4. TAKE-OUT: Disinfect your takeout packaging and/or place the food in your own sanitized tupperware before you eat it. It goes without saying that you should wash your hands before you eat, always.
  5. HEAT vs COLD: It’s very difficult for viruses to survive in heat, so hot foods are safer than cold foods. Viruses can live in the freezer for years, so make sure you also disinfect product packaging even if you are going to put it in the freezer
  6. OBJECTS: Clean objects you touch on a daily basis with disinfectant wipes, e.g. your computer, phone, remote control, light switches, cabinet handles, doorknobs, and faucet fixtures, unless they are made of copper!

We know the world feels a little crazy right now, and you might be experiencing some anxiety -- rightfully so. Certainly, we all need to do our part for society by abiding by the “Stay at Home” mandate and maintaining social distance if we do go out for walks and grocery runs. But, we hope that by sharing the science behind SARS-Cov-2, along with some helpful tips,  you can find a little bit of calm knowing that the virus isn’t invincible.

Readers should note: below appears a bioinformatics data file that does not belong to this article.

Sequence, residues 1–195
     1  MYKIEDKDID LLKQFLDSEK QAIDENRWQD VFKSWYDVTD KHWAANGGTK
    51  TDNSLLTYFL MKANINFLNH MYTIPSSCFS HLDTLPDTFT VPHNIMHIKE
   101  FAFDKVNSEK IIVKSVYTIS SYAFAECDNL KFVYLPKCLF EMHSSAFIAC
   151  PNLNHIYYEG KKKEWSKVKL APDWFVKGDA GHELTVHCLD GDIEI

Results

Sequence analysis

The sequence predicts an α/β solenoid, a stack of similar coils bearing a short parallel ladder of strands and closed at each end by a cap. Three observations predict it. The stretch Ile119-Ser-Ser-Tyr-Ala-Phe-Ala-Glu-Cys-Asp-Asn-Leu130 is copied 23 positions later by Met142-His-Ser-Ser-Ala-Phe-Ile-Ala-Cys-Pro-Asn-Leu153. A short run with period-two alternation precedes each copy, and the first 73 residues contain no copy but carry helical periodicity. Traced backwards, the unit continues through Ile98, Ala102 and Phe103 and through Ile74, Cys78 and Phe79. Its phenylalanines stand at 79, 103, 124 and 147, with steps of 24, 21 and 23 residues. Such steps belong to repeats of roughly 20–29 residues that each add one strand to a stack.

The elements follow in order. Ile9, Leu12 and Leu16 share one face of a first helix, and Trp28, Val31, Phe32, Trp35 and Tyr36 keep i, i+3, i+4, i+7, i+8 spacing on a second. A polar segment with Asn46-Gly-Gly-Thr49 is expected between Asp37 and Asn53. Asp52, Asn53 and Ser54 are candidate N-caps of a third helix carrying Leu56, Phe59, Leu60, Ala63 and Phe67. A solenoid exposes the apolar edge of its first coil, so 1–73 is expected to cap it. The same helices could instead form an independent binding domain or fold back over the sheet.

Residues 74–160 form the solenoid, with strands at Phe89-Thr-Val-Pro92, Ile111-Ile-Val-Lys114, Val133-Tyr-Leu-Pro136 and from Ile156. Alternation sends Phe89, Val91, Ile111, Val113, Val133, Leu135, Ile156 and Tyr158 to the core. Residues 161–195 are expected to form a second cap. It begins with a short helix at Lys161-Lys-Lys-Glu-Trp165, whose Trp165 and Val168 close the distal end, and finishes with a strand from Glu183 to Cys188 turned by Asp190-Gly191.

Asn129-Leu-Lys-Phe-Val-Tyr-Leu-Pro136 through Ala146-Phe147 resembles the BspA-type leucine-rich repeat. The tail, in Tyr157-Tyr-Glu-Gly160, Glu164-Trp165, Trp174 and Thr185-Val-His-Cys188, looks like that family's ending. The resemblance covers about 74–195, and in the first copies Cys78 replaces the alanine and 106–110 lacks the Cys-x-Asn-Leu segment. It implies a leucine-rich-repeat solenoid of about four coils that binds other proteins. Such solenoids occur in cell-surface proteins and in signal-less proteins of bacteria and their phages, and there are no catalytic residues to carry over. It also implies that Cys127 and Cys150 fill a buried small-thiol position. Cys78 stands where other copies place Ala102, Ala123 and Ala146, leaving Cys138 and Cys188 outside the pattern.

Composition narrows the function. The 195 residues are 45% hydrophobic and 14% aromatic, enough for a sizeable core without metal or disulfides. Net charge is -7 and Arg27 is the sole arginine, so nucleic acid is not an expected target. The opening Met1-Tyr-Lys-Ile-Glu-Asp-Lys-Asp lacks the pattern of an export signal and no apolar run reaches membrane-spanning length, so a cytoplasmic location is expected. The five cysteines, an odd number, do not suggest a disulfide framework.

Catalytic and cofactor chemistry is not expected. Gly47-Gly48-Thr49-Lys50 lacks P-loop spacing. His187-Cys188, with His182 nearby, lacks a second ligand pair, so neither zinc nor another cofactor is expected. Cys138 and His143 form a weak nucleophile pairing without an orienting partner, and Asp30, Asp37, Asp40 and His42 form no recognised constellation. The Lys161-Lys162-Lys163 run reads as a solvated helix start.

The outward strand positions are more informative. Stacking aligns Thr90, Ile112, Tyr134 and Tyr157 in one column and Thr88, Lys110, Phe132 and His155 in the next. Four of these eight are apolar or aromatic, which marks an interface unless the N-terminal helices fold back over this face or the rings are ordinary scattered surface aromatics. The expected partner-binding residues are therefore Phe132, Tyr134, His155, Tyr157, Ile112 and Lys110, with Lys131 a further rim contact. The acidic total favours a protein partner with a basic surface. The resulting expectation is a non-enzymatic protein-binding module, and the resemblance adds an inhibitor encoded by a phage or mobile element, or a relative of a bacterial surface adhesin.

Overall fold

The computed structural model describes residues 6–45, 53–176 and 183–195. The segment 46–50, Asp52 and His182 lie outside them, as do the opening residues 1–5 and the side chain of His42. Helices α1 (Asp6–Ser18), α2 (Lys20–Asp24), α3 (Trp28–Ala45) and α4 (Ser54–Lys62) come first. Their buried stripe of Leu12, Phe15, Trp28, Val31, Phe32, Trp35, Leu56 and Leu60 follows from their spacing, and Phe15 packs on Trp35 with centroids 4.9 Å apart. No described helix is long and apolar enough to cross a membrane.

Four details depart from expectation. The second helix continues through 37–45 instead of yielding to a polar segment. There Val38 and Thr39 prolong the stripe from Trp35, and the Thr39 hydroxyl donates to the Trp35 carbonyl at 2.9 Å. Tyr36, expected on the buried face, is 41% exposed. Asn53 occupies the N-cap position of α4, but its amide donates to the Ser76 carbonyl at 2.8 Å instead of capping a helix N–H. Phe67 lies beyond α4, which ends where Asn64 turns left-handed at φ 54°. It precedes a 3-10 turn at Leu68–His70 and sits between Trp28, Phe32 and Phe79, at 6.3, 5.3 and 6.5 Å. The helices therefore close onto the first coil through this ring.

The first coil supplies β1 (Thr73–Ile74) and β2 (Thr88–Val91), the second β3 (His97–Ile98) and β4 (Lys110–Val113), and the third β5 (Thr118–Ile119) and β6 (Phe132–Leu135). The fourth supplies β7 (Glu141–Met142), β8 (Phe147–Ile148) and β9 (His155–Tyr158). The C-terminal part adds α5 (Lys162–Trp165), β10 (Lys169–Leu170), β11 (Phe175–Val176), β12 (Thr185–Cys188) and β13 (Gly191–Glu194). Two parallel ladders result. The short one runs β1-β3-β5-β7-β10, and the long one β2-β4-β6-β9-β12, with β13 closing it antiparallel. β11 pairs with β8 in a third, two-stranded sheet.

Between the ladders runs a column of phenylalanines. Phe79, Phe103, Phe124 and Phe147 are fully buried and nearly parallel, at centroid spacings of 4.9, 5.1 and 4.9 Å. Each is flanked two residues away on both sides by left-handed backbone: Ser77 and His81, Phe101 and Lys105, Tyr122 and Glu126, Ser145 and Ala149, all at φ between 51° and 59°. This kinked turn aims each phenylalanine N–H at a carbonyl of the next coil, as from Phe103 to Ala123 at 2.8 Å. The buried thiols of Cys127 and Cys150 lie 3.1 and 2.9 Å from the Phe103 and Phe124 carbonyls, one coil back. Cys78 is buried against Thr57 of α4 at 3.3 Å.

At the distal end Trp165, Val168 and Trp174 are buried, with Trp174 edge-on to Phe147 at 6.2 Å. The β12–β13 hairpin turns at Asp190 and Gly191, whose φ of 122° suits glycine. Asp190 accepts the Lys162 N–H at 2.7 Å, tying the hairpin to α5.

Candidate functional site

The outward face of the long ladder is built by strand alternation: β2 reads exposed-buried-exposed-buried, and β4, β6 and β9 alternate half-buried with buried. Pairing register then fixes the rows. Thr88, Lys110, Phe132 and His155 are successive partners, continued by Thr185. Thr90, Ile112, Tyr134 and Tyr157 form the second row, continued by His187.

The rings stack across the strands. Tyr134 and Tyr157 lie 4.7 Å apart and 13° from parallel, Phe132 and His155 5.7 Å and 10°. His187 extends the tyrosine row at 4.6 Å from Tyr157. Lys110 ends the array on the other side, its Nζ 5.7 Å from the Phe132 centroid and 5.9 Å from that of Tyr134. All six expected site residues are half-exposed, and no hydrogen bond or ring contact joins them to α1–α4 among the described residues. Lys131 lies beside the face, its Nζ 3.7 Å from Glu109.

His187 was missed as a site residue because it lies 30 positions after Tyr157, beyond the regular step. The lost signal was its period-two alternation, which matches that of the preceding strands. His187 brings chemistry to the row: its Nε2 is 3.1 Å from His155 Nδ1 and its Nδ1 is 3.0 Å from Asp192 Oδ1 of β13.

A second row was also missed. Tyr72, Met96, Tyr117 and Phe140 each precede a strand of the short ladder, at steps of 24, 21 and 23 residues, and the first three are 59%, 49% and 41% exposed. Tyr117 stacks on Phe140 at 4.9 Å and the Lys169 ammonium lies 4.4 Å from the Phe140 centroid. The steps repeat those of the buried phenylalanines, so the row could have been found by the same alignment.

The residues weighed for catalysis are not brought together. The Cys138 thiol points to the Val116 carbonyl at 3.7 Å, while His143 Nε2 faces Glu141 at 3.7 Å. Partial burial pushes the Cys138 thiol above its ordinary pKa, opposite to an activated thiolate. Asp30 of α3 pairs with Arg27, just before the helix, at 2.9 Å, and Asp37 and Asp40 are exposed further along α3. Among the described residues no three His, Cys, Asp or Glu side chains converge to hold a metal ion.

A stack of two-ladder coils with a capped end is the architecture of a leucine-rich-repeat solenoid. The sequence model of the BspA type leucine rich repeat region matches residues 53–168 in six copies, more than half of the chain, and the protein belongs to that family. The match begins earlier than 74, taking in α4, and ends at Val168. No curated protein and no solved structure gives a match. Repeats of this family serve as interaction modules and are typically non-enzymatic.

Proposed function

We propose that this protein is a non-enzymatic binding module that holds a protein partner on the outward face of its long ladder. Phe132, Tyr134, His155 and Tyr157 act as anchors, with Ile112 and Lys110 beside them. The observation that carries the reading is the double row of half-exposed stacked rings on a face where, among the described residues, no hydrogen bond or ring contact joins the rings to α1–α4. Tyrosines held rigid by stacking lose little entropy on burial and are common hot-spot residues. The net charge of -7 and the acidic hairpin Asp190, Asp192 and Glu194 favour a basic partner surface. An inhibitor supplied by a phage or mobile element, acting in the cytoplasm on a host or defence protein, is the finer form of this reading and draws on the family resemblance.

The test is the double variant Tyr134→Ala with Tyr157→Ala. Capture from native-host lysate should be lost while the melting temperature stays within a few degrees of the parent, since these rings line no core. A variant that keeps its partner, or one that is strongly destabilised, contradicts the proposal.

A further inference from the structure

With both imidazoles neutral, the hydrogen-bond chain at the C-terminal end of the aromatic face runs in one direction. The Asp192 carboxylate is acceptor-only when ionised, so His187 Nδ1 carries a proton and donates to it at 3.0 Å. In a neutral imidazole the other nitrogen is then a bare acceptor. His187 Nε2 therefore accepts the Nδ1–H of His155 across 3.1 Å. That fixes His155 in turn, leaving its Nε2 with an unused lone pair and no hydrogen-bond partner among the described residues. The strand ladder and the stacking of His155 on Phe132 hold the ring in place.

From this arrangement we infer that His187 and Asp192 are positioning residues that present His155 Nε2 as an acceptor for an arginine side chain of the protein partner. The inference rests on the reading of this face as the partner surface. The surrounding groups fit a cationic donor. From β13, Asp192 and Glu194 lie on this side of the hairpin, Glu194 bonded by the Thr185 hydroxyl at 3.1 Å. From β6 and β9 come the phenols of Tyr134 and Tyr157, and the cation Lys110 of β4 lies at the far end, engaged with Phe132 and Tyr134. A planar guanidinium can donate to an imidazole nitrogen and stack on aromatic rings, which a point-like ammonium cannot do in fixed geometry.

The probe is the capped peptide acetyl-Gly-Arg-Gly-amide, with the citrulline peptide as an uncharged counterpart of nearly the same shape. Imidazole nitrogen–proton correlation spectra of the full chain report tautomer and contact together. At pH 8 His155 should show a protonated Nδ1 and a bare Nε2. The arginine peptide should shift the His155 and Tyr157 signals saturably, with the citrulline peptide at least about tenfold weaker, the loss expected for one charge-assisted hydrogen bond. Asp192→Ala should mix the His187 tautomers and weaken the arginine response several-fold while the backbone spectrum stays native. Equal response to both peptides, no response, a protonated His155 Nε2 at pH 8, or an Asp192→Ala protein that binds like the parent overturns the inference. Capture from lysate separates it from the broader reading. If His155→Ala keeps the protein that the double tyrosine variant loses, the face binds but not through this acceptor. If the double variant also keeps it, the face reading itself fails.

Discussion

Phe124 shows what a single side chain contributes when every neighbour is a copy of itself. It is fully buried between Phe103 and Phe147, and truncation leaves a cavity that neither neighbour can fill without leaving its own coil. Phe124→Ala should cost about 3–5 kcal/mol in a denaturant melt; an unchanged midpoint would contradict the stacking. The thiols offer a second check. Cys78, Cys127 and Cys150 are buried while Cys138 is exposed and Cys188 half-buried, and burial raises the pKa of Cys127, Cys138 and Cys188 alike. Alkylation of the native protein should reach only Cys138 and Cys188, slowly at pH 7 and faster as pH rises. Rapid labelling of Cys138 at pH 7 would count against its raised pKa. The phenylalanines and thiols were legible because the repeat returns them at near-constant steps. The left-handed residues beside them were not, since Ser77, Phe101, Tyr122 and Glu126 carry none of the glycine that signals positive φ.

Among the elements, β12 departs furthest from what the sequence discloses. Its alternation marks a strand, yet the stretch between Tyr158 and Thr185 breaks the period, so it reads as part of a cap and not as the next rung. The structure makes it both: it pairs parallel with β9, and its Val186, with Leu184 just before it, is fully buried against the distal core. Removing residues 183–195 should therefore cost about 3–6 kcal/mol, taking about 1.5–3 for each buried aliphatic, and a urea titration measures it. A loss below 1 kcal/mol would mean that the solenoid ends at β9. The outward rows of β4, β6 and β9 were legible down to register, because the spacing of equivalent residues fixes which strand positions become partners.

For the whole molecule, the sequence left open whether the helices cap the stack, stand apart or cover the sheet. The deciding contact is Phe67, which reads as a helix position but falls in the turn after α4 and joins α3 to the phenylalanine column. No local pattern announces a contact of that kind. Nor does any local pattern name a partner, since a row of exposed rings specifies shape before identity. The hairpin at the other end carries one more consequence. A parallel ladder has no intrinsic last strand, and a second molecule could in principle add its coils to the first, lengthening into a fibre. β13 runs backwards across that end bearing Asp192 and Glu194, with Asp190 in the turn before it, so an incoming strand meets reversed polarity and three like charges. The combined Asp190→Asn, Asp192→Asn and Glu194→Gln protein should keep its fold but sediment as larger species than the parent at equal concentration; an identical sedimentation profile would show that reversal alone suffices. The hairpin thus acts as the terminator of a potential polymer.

If you have any questions for us about the science of viruses or other microbes, please reach out at hello@ellisdayskinscience. We are here for you!


About Ellis Day Skin Science

We believe that modern skincare must be revolutionized to elevate skin health. And we believe the answer is in the wild, natural world, which includes the surface of your skin. 

At Ellis Day Skin Science, we pioneer natural phage-based products that target and kill bad bacteria associated with inflammation, damage, and aging, and enable good bacteria to flourish. By doing so, we aim to reset your microbiome for optimal skin health.

We use cutting-edge science to leverage nature, creating products that are just as kind and conscientious as they are effective, so that all can feel empowered with balanced, clear, radiant, and resilient skin.



  3. Firquet, Swan, et al. "Survival of enveloped and non-enveloped viruses on inanimate surfaces." Microbes and environments (2015): ME14145.
  5. Vogel, Lauren. "Hand sanitizers may increase norovirus risk." (2011): E799-E800.
  6. Grayson, M. Lindsay, et al. "Efficacy of soap and water and alcohol-based hand-rub preparations against live H1N1 influenza virus on the hands of human volunteers." Clinical Infectious Diseases 48.3 (2009): 285-291.